It is one of the great mysteries in recent American pop culture: the death of Prince almost one year ago and the circumstances that led him to be found crumpled on the floor of an elevator at his sprawling residence Paisley Park outside of Minneapolis. How did he come into possession of the powerful opioid fentanyl, which killed him in what the coroner ruled was an accidental overdose? How did he so expertly conceal what appears to have been his addiction to pain medicines? And who, if anyone, bears some responsibility for his demise at 57?
To a surprising degree for a high profile celebrity death, few answers have emerged for those questions. Many friends still seem at a loss to explain how a man who espoused a clean lifestyle, who had adopted a vegetarian diet and avoided marijuana and alcohol, could have hidden his dependency. Investigators continue their efforts but have given no indication they have discovered where Prince obtained the fentanyl.
This much is clear: Prince suffered from chronic hip pain, and that may have set him on a course to find relief. Surely, near the end, some of those closest to him understood that he had a drug problem. Six days before he died, his chartered jet had to make an emergency landing when he overdosed on a trip home from a concert, and plans were underway to have him see an addiction specialist. But those efforts came too late to save Prince, whose departure left a huge void for fans, friends and those he had worked with.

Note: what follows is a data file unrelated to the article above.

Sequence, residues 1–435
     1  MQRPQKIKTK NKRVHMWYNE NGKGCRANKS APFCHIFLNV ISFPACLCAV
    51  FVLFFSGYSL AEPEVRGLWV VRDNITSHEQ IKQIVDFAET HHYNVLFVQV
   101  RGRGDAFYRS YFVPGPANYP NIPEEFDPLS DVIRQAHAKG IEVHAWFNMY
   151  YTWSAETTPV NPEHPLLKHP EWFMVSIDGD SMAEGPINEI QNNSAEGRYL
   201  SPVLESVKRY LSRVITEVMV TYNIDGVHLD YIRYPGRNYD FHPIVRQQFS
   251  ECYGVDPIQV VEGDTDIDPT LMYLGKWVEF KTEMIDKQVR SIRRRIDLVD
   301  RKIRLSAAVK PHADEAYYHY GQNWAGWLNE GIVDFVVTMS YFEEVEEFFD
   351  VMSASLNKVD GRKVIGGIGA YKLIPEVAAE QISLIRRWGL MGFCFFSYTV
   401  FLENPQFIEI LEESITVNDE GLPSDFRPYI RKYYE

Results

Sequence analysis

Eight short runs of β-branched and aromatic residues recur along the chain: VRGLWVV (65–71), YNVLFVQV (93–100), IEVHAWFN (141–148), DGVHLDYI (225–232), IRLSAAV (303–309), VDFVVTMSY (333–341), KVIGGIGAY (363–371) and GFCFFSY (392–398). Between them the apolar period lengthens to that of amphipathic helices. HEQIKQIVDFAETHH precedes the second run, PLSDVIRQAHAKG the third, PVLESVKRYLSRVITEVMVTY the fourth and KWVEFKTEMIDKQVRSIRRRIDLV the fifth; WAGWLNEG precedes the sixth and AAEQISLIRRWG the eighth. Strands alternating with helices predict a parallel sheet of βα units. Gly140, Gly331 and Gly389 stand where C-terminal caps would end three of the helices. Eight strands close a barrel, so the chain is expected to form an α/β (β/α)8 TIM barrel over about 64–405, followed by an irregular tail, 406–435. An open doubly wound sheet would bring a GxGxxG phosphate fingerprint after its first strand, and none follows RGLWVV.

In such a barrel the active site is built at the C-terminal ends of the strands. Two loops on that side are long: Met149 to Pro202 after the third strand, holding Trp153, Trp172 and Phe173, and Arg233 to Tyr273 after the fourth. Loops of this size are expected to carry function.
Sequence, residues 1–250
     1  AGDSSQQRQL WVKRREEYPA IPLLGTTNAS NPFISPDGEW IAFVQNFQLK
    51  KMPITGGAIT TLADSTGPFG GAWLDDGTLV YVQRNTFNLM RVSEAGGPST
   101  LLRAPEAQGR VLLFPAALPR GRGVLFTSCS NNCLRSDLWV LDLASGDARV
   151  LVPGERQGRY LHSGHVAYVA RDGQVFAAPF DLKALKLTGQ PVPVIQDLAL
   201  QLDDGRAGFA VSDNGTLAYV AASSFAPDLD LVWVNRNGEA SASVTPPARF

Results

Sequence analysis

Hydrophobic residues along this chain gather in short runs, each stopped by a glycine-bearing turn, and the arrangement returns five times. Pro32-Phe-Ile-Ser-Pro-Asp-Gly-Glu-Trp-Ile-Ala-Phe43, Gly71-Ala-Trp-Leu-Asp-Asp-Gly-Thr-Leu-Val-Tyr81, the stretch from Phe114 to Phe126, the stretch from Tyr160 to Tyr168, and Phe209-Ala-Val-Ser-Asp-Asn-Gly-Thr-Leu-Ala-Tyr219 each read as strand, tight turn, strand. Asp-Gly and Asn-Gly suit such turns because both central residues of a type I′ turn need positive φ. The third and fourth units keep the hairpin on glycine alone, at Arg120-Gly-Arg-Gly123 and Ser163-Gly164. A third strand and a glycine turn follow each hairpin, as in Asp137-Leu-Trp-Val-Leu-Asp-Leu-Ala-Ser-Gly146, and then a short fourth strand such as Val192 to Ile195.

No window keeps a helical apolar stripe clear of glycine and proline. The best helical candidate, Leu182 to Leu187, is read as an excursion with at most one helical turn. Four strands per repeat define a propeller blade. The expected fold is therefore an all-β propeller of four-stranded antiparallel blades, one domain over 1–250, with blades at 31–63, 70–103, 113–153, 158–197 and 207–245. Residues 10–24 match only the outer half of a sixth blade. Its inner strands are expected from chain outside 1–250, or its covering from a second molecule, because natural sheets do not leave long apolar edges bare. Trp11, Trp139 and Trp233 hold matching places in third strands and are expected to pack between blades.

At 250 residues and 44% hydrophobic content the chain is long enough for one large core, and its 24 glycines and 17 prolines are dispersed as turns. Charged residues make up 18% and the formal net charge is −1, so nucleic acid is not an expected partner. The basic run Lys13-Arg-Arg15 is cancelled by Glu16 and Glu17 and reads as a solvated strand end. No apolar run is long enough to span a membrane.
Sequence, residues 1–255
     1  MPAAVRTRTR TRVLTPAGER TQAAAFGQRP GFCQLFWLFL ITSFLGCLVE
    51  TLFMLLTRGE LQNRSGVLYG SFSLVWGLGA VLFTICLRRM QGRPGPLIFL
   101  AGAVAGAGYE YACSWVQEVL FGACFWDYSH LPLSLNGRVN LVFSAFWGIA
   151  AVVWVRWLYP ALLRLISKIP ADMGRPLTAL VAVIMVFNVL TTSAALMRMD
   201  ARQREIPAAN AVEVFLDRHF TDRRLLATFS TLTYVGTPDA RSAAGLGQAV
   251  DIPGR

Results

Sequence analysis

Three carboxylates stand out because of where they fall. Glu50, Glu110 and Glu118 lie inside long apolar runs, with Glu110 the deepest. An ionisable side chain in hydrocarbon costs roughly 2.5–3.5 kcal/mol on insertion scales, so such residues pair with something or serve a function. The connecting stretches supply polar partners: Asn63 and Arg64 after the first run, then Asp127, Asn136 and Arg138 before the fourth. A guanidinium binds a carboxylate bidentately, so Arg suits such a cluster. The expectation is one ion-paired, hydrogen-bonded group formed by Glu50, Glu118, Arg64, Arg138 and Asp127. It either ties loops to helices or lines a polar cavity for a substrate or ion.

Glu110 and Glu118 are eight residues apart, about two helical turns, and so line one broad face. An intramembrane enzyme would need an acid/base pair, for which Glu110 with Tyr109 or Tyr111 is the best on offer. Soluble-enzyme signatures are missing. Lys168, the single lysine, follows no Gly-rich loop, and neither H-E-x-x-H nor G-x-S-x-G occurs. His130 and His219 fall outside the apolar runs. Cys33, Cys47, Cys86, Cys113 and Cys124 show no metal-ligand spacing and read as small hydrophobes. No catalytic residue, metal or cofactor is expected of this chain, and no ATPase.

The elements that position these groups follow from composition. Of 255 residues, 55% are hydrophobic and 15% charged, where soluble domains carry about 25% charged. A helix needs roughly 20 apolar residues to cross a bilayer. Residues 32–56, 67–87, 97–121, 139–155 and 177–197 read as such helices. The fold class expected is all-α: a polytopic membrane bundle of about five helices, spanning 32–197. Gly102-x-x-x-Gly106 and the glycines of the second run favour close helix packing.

“It’s a big hole,” said Van Jones, a political commentator and activist who was a friend of Prince’s. “I miss him a lot more than I thought I would. You never get past it. You could be sitting in your car, and all of a sudden a Prince song comes on, and you’re thinking about him again.”
Just a few days from the anniversary of his death, 21 April, here’s what is known about the various pieces of the mystery based on an array of recent interviews. Investigators still mum. Pharmacy records. Doctors he saw. Friends. There are only so many places investigators can look for information on how Prince may have acquired the fentanyl that killed him. But now those traps have been checked, no one has been arrested, and after a year, the going can get a bit tougher.
The investigation is being led by the Carver County Sheriff’s Office, in conjunction with the Drug Enforcement Administration. Jason Kamerud, chief deputy for the sheriff’s office, said that the findings would eventually be passed on to the US attorney’s office, where a determination will be made on whether any prosecutions should be pursued. The sheriff’s office has interviewed people who were at Paisley Park on the day Prince’s body was discovered, such as one doctor, who was treating him but arrived too late.